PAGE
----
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Engineers discuss 3D chip standard

Posted: 19 Jul 2010     Print Version  Bookmark and Share

Keywords:3D chip standard  Through-Silicon Vias  Semicon West 

Participants of a Semicon West 2010 workshop took the first crack at outlining standards for 3D silicon chips to address design, yield and cost problems.

Linking stacks of chips with tiny silicon vias promises smaller devices that need less power to deliver greater performance for a variety of applications. But engineers said a wide range of standards are needed to design and make such chips.

Researchers said no show-stopping technical hurdles stand in the way of creating the so-called through-silicon vias (TSVs). But there are multiple approaches to designing and making such chips, yields are still low and costs are high— problems standards can address.

"Hopefully we can kick off key working groups to start developing some standards," said Urmi Ray a senior staff engineer at Qualcomm who organised the workshop and helped develop prototype 3D chips for cell phones. "We want the technology to be adopted quickly so we can get to revenue," she said.

"We think there is a strong need for some form of standardisation to accelerate the adoption of the technology and lead to cost reduction," said Arifur Rahman, a principal engineer at Xilinx who outlined in a keynote talk some of the areas to address.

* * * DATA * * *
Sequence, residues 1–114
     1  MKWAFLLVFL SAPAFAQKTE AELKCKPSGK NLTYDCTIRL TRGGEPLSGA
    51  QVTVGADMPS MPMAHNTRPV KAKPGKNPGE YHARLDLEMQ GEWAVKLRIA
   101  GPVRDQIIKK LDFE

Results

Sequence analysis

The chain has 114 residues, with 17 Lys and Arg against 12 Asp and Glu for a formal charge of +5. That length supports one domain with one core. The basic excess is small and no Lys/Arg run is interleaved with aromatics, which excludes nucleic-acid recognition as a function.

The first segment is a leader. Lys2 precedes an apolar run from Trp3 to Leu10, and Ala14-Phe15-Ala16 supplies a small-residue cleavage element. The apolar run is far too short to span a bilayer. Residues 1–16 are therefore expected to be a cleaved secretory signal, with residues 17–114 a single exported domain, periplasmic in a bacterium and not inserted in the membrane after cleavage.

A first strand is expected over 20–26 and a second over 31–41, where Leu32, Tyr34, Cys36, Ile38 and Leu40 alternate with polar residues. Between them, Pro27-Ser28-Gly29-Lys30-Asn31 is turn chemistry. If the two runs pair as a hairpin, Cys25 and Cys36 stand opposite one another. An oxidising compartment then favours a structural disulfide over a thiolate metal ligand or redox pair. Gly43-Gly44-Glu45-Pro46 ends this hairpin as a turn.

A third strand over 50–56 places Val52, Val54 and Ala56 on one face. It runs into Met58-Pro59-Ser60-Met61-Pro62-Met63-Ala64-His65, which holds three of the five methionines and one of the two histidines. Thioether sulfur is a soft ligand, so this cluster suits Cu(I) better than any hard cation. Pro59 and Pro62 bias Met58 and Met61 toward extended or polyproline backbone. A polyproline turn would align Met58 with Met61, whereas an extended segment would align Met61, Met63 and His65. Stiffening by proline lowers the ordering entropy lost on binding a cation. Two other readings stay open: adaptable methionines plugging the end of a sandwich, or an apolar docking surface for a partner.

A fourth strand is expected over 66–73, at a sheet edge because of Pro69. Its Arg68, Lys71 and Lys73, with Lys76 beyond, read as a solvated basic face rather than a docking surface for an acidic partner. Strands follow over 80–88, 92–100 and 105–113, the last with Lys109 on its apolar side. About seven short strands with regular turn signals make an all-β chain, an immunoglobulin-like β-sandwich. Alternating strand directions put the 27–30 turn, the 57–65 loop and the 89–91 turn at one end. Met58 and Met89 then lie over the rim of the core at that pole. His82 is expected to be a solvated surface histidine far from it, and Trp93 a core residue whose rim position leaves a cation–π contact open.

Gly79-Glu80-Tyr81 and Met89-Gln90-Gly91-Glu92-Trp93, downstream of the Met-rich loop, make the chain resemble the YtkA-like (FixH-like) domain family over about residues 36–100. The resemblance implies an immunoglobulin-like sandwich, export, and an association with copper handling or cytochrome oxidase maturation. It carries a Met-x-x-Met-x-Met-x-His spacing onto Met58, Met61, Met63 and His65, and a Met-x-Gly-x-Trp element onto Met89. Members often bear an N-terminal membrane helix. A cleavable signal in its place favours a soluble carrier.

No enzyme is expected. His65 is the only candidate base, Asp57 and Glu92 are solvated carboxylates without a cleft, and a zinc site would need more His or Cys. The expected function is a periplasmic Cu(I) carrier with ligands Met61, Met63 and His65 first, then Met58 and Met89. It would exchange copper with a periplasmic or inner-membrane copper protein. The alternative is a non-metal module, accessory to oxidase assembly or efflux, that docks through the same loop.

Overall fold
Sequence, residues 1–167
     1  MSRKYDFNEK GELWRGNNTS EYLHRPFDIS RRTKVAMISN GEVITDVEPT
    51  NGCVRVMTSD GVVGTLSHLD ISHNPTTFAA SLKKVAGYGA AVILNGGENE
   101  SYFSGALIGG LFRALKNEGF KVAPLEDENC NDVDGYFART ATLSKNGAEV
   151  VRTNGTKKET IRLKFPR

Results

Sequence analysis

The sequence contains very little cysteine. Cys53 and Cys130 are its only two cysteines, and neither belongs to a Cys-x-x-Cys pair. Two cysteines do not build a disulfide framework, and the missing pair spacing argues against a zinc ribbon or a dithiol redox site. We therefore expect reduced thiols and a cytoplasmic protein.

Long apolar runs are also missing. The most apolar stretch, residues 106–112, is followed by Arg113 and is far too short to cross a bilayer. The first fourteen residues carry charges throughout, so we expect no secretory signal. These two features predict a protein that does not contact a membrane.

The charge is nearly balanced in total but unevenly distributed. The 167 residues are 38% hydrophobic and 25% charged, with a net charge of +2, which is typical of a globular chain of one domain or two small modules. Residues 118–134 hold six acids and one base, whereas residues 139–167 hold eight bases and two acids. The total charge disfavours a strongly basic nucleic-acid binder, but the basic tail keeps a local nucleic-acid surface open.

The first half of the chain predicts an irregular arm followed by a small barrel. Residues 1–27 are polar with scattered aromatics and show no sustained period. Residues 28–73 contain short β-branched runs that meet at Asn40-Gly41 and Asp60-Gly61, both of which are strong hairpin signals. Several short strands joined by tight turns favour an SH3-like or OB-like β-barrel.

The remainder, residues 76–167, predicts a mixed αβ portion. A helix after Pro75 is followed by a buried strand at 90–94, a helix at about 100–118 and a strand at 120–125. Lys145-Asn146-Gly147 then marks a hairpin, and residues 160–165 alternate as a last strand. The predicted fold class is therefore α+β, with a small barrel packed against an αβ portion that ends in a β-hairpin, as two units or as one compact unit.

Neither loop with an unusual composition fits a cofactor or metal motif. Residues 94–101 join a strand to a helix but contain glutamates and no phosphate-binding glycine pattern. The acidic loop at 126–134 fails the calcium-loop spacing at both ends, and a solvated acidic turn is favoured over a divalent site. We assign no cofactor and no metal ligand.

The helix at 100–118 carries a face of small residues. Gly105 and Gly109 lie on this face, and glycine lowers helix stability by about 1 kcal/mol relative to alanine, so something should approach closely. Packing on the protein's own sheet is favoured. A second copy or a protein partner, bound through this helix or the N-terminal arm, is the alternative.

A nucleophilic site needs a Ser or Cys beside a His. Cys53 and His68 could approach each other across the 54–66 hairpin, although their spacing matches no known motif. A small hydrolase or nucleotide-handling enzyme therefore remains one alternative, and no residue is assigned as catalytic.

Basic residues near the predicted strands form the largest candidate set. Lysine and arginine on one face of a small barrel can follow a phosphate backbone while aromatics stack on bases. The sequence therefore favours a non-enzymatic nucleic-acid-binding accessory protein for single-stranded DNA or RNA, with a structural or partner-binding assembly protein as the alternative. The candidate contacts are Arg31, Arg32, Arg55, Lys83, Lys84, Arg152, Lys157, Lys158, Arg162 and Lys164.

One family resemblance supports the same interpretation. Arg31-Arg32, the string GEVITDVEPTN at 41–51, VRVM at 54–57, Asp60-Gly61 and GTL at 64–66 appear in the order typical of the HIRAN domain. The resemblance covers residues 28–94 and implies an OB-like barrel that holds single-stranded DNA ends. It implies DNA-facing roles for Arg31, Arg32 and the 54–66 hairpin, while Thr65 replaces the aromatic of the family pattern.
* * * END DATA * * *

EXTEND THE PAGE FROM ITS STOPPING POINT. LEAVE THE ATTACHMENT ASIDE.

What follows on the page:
Rahman said engineers need a full chip-to-chip interface standard that could be similar to the Jedec standard for a wide I/O DRAM interface. The stacks may use thousands of the links, some less than 25 microns long carrying data at Gbit/s rates.

Designers also need interoperable EDA tools that take into account stacks using chips made in different process technologies, he said.

In manufacturing, 3D chips require standards in silicon wafers, chip materials and fab processes. A metrology engineer at Sematech described two dozen standards that need to be redefined to modify fab tools or processes for 3D ICs.

"If you are going to do this stuff I strongly recommend you take your tools out for a test drive, but you can use standard 300mm tools," said Andy Rudack, a Sematech researcher in 3D interconnects at the Albany, New York research lab.

Sematech has run bare 300mm wafers though a set of fab process tools including some packaging tools which have never been used in a fab clean room. Next year it expects to run fully processed 130nm or 65nm wafers through a 3D process.


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